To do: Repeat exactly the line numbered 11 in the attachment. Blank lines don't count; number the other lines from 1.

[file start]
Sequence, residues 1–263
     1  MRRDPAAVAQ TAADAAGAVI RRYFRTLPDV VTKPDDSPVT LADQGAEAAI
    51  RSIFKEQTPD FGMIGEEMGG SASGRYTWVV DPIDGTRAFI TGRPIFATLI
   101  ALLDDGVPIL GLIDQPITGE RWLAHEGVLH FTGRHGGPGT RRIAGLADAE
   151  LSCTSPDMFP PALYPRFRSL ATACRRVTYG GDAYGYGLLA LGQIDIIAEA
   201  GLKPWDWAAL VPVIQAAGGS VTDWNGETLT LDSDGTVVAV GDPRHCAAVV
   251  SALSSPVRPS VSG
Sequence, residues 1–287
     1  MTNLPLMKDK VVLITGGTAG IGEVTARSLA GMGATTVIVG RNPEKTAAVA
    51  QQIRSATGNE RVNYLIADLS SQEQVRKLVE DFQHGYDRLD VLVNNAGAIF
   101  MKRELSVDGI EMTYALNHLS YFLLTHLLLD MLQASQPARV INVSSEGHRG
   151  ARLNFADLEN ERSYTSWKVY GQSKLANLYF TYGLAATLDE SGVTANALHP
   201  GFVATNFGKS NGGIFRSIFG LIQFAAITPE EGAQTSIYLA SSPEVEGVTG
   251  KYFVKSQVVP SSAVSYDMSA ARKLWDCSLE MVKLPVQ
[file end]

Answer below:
   101  MKRELSVDGI EMTYALNHLS YFLLTHLLLD MLQASQPARV INVSSEGHRG